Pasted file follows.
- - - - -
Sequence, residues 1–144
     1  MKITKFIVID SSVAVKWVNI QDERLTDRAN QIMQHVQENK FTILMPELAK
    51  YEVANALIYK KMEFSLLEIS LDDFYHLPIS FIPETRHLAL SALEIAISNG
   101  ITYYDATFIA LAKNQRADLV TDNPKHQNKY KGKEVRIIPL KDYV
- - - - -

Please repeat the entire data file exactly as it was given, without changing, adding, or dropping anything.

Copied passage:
Sequence, residues 1–144
     1  MKITKFIVID SSVAVKWVNI QDERLTDRAN QIMQHVQENK FTILMPELAK
    51  YEVANALIYK KMEFSLLEIS LDDFYHLPIS FIPETRHLAL SALEIAISNG
   101  ITYYDATFIA LAKNQRADLV TDNPKHQNKY KGKEVRIIPL KDYV